A more light hearted example of audience participation is the Damn Daniel video which exploded over twitter. Soon after many parodies of the video were uploaded as with any viral video. To be honest i’m not sure if this really is audience participation in the sense that we mean it, or whether it is just people being people. Is there any difference?


The Life of Pablo…Or was it Waves…Or Swish?…

Now I’m sure all of us know who Kanye West is by now. If you don’t then I’m not really sure where you’ve been living the past 10 years or so! But last month, Kanye’s now-wife Kim Kardashian-West took to Twitter to ask her followers what Kanye should name his album…

There had already been reports that it was going to be called ‘Waves’ or ‘Swish’ with Kanye tweeting at one point a photo of the album’s tracklist as well as the title, covered in doodles and comments from people such as Kylie Jenner and Kim.

Where audience participation comes into this is the fact that Kim used the new feature on Twitter of polls. Users are now able to create polls within tweets to ask questions and get answers back anonymously from their followers. Kim tweeted asking her followers to name the album.

As you can see, Kim put in two options for the album name in her first tweet, with ‘Swish’ gaining 55% of votes and ‘Waves’ with 45%. And in a following tweet, you can see Kim added an extra option for her followers to vote for.

This interactivity on Twitter led to Kanye’s album name being influenced by the audience. Despite him then naming it something completely different in obvious Kanye style!*

What you can take away from this example is that nowadays fans are willing to become more involved in the creative process of things. They want to know the ins and outs of how things are made, for example an album, and want to feel closer to the artist. Twitter, along with other social media, helps the fan to do this. It takes down the barrier of fan and celebrity and places them on the same platform.


*it’s a great album though, definitely go and listen to it if you have the chance

Buzzfeed community

Buzzfeed is well known for its on-line site, as well as its app and various youtube channels that all generate a great deal of traffic.  Many of its posts usually revolve around popular culture. From listicles and quizzes to the rare, more serious story.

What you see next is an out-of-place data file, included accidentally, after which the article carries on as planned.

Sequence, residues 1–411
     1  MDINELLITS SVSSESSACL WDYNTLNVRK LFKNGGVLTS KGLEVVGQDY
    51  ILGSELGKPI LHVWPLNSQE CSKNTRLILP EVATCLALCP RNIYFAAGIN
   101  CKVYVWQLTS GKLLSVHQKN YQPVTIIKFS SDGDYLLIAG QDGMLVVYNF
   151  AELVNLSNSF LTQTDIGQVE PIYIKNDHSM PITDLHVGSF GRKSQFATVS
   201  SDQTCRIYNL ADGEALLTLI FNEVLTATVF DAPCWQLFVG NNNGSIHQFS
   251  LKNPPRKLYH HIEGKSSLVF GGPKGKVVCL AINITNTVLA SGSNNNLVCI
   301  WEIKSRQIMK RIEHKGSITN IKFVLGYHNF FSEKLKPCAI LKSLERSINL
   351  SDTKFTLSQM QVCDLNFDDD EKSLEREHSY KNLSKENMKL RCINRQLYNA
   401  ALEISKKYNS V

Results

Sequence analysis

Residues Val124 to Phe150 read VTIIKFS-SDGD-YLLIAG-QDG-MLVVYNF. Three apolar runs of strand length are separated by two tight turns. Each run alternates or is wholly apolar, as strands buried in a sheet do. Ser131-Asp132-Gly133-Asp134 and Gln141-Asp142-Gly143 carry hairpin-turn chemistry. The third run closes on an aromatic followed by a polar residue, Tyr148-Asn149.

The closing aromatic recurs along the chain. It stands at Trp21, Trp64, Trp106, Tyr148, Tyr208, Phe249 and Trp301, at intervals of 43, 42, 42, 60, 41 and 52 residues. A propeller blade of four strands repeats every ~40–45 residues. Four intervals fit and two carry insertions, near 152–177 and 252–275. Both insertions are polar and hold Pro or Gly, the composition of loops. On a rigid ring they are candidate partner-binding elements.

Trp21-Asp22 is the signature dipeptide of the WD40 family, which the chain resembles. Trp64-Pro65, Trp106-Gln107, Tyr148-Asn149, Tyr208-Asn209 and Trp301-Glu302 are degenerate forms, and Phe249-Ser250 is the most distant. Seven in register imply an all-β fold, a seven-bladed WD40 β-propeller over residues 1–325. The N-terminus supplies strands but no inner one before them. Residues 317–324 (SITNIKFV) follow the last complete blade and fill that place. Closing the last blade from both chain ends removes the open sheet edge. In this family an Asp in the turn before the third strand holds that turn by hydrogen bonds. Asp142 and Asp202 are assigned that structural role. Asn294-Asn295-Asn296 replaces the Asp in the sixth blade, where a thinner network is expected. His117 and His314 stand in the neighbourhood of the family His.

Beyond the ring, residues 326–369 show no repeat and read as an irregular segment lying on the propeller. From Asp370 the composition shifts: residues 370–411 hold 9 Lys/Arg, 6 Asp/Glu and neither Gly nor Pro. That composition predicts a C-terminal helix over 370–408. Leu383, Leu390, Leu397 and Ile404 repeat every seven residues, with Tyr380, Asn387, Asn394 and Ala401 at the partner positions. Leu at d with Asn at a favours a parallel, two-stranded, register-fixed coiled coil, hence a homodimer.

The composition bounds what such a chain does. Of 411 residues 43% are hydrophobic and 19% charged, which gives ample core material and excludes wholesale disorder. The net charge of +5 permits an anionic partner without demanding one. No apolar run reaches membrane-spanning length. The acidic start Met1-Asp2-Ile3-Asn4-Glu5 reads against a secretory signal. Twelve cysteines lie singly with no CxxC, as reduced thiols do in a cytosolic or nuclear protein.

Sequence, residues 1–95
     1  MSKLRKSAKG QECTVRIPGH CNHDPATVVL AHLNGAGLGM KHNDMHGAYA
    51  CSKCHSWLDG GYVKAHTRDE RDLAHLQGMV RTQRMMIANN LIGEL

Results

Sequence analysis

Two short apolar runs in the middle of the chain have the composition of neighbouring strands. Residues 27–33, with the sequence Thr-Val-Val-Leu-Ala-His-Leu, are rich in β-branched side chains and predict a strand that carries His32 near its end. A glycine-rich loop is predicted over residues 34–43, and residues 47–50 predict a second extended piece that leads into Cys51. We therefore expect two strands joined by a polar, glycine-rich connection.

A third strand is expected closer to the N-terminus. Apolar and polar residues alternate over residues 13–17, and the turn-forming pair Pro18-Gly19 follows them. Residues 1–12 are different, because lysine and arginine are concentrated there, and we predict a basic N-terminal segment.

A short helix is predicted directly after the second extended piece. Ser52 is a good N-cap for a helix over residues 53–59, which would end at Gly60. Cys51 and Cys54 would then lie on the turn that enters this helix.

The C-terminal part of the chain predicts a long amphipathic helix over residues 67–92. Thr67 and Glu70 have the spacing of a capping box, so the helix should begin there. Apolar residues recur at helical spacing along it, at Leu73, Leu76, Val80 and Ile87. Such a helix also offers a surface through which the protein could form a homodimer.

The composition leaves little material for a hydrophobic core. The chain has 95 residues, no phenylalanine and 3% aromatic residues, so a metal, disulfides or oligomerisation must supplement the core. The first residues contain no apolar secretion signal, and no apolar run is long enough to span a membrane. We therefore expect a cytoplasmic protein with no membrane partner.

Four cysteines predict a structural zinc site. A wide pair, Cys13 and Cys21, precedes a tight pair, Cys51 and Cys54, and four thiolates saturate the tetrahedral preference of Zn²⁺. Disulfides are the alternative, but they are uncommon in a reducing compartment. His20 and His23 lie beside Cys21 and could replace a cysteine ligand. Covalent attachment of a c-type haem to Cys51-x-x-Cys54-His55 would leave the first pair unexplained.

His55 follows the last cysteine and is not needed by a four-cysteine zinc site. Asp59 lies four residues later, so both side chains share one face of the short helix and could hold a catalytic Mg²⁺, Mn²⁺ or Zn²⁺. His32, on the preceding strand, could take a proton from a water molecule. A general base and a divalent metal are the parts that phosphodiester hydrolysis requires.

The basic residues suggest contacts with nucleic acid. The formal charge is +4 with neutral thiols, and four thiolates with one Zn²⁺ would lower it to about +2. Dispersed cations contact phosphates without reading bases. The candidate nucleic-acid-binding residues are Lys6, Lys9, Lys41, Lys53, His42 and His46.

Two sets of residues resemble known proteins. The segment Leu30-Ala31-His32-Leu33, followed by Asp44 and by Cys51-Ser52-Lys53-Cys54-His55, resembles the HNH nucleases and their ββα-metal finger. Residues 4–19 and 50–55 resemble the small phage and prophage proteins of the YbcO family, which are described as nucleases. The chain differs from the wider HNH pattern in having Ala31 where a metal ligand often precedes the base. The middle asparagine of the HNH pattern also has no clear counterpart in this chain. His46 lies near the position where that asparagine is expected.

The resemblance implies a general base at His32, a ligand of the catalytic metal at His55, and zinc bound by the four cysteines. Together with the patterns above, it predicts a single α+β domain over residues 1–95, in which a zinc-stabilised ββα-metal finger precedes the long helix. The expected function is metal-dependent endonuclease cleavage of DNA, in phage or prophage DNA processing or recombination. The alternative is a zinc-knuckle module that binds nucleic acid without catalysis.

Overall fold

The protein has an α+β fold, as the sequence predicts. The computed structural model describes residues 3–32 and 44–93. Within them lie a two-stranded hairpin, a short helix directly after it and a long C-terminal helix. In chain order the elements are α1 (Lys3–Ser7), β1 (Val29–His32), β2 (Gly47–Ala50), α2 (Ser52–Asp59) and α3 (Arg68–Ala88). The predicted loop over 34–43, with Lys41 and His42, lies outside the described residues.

However as well as this, there is also a section of Buzzfeed that is largely run by a form of audience participation. That is the Buzzfeed community site. On this site, avid readers are free to create any content they please. Although not all posts make it onto the site, as they are then later reviewed by editors, a great section of the more witty and relatable posts do.                                                                                                                                                                                   If you have read anything on Buzzfeed before, the chances are you have read one of the posts from a Buzzfeed reader, or ‘buzz-feeder’ as they are also  known as. Their posts are normally the ones you see on social media, and are normally witty listicles that appeal to a teenagers and twenty-somethings that focus of a range of topics from the kardashians to cheesecake.

Not only is having a Buzzfeed community whereby people can contribute as they please a very smart way for Buzzfeed as a company to generate a huge part of their content for little or no cost. But these posts are also some of the most funny and relatable posts out there. Perhaps this is because readers are interested in what everyday people post, as it is often more down to earth than what a someone who works for Buzzfeed may have to say.



YouTube has never-ending resources that allow people to get a message out into the world. Videos can be powerful and when the audience is given a chance to create their own content it creates a community. The categories of videos are endless. From video reviews to tutorials YouTube is continuously producing content everyday. The idea is in the title YOU, the audience, are given a platform to express your opinion and create content. You don’t have to be famous or even technically savvy. Those who do become famous on YouTube are still producing content influenced by their audience. With the comment section people will tell YouTubers what the will or wont watch.

Before YouTube became as popular as it is now it was even more audience based. You were once able to respond with a video. Now since taking that away YouTube is becoming more and more commercial based. Is this bad for the audience? Eventually will it be too difficult for the audience to create content?